Alcohol sales soar amid panic buying, and officials face hard choices
Liquor is viewed by many as non-essential, but cutting some people off could be fatal
Some provinces are weighing whether to keep liquor stores open during the COVID-19 pandemic, but the decision is fraught with complications that include serious health questions.
Public health officials who may contemplate shutting down retail outlets are faced with several dilemmas, ranging from the huge pre-closure lineups that could result during a time of social distancing, to the significant and even fatal dangers of alcohol withdrawal.
The Nova Scotia Liquor Corp. this week instituted reduced hours to allow for more cleaning and is limiting how many people are allowed in stores at one time.
Alcohol sales in Nova Scotia subsequently tripled amid panic buying. But the NSLC has given no indication it plans to close locations, although spokesperson Beverley Ware acknowledged Friday things are "very fluid."
"This is really an unprecedented situation," she said in an interview, noting the Crown corporation is following the guidance of public health officials.
NLSC stores have seen a rush on purchasing amid incorrect "rumours" of impending closures, Ware said. Alcohol sales for the week are up an astounding 216 per cent over the same week last year, she said, and cannabis sales are 110 per cent higher.
Nova Scotia public health officials have ordered businesses ranging from bars to hair salons to shut down in an effort to slow the spread of the virus, and on Friday announced there are now 15 confirmed and presumed COVID-19 cases in Nova Scotia.
Some provinces have taken the drastic step of shutting down liquor outlets. P.E.I. announced Wednesday it was closing government-owned liquor stores the next day, but the move was marred by long lineups that quickly formed outside many locations.
Those who work in the addictions field have started planning for the possibility that people dependent on alcohol in Nova Scotia could be cut off from their supply due to store closures or quarantine requirements.
"The problems can be very substantial if someone suddenly shuts down and stops drinking," said Dr. Dave Martell, an addictions specialist in Bridgewater, N.S.
"The alcohol withdrawal that results in that is quite serious."
The consequences can include seizures, some even potentially fatal, he said. The concern, he said, is those going through alcohol withdrawal will end up in hospital, draining health-care resources away from the pandemic.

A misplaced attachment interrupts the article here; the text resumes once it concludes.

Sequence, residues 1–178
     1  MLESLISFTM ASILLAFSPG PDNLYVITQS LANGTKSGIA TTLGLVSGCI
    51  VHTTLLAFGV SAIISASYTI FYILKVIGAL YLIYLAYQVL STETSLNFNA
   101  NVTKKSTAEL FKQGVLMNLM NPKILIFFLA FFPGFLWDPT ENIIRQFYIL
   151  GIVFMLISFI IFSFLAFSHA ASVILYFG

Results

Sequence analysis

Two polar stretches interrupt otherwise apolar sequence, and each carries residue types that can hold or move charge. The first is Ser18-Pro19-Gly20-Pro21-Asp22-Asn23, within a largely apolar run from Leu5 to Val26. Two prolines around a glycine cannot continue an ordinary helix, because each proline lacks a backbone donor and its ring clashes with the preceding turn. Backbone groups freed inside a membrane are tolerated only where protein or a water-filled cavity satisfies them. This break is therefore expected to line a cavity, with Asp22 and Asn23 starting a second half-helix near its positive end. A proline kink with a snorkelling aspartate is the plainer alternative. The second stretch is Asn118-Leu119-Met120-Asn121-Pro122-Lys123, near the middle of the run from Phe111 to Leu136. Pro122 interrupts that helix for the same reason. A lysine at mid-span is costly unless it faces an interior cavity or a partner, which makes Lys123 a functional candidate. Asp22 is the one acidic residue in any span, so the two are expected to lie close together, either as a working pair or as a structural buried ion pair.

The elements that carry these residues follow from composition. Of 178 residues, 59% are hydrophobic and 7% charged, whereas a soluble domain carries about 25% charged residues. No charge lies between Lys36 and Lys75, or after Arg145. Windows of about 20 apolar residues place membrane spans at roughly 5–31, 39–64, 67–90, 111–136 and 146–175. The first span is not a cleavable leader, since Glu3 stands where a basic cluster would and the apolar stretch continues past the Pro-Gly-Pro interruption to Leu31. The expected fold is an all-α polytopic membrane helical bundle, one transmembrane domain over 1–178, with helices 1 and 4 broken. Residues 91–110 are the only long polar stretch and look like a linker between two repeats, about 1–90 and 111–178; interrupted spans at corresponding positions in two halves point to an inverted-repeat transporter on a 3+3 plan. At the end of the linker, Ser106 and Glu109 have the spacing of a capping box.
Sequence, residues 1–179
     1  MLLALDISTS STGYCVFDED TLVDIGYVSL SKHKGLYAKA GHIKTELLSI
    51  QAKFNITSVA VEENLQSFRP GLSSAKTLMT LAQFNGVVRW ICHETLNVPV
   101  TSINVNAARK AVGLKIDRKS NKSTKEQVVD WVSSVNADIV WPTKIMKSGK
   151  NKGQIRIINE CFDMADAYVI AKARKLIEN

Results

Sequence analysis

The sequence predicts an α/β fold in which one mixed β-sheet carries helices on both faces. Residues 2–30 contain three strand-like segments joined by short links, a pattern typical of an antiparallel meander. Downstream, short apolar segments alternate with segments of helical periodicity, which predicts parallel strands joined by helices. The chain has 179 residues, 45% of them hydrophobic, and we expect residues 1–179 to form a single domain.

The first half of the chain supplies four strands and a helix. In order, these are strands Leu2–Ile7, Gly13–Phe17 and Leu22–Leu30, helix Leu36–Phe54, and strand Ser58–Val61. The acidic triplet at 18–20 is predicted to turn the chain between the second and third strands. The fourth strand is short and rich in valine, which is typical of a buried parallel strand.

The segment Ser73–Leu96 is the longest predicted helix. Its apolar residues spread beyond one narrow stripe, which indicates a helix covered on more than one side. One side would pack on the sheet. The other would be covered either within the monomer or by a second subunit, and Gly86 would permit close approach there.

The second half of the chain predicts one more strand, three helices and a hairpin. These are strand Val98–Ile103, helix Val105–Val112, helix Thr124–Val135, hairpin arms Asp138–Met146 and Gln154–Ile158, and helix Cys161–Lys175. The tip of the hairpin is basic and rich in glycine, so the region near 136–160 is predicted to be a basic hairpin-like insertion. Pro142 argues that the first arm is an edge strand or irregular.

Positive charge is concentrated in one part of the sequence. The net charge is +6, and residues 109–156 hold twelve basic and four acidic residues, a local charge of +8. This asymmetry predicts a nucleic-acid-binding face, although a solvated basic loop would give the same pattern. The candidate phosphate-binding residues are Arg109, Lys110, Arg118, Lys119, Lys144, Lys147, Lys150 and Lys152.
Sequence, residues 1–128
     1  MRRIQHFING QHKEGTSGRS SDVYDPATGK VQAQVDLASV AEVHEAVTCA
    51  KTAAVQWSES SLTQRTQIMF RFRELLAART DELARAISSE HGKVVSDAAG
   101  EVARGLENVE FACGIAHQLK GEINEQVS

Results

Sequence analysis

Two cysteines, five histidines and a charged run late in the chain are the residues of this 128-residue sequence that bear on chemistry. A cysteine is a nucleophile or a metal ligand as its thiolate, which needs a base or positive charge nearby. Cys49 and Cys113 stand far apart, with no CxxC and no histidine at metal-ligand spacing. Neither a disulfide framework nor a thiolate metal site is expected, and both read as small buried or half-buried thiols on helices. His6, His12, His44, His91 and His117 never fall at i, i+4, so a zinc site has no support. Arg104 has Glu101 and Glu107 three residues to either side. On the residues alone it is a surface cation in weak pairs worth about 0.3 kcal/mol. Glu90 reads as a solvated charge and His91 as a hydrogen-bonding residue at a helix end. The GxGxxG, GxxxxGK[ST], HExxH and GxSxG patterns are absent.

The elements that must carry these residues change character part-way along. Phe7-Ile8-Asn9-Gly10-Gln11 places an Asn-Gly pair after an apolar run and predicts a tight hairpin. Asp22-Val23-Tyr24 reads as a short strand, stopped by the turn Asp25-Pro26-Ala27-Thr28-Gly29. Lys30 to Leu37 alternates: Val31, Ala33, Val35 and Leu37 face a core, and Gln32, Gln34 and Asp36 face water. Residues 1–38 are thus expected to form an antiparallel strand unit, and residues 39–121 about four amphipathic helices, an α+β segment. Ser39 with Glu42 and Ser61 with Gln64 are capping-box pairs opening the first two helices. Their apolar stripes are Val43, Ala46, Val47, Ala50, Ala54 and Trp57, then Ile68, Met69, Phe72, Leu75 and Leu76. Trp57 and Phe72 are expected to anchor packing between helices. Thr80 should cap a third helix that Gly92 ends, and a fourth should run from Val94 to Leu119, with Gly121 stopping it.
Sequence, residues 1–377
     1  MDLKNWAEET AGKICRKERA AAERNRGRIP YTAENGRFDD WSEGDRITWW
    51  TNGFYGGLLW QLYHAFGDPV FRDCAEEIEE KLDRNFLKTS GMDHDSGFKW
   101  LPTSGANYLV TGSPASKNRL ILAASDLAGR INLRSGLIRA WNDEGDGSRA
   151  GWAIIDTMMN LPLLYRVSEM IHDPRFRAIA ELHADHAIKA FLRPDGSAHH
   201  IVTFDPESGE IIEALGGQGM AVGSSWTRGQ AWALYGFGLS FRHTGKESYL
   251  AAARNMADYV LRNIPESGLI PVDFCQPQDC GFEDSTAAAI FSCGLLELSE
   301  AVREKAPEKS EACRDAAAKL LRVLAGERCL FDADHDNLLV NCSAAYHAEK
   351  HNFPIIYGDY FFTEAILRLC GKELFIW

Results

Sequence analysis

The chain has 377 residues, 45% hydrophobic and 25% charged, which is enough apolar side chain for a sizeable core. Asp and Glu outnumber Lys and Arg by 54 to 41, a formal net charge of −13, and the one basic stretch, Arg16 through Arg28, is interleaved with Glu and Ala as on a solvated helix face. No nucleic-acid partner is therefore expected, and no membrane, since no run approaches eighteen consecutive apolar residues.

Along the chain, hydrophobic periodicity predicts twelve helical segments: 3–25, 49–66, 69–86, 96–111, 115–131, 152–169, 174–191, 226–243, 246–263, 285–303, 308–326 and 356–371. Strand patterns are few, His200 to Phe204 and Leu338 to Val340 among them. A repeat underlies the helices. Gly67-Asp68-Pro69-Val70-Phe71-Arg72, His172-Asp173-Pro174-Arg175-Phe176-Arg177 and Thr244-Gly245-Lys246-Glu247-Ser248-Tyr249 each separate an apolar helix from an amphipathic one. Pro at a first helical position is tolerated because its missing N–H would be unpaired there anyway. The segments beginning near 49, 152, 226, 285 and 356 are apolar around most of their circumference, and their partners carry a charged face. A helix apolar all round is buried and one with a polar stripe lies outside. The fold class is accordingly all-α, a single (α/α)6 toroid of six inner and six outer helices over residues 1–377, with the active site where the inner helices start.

Part of the discussion now, Martell said, is how doctors and nurses might, in a safe way, medically treat people going through withdrawal who have to self-isolate at home or are sick. Certain sedatives are effective, he said, but their use should be monitored closely.
He praised Nova Scotia public health officials for their "very strong leadership."
Hi Deanna, we have no plans to close and we have plenty of stock. We are asking customers to please not panic buy and put added stress on our employees. Thank you.—@theNSLC
This week, Dr. Heather Morrison, P.E.I.'s chief public health officer, said she was "disappointed" by the lineups for booze on the Island, but acknowledged that "perhaps we underestimated that alcohol is considered essential for some people."
She later apologized for some of the communication around the store closures, noted concerns around alcohol-use disorder and withdrawal, and said work was underway on other ways to sell cannabis and liquor, such drive-up or online.
The Newfoundland and Labrador Liquor Corp. has also announced stores will close to walk-in traffic on Saturday. It said the plan was to allow customers to order by phone or online, and pick up items at specific stores.
On Thursday, B.C. Liquor stores began operating with reduced hours and limiting the number of people allowed in stores at one time.
In Nova Scotia, the NSLC offers online ordering where someone can pick up at the store. Ware said that due to the huge in-store sales, front-line and warehouse staff are "working flat out."
She also warned there are social issues and "unintended consequences" if stores were to close in the province, including that some people may start producing alcohol illegally.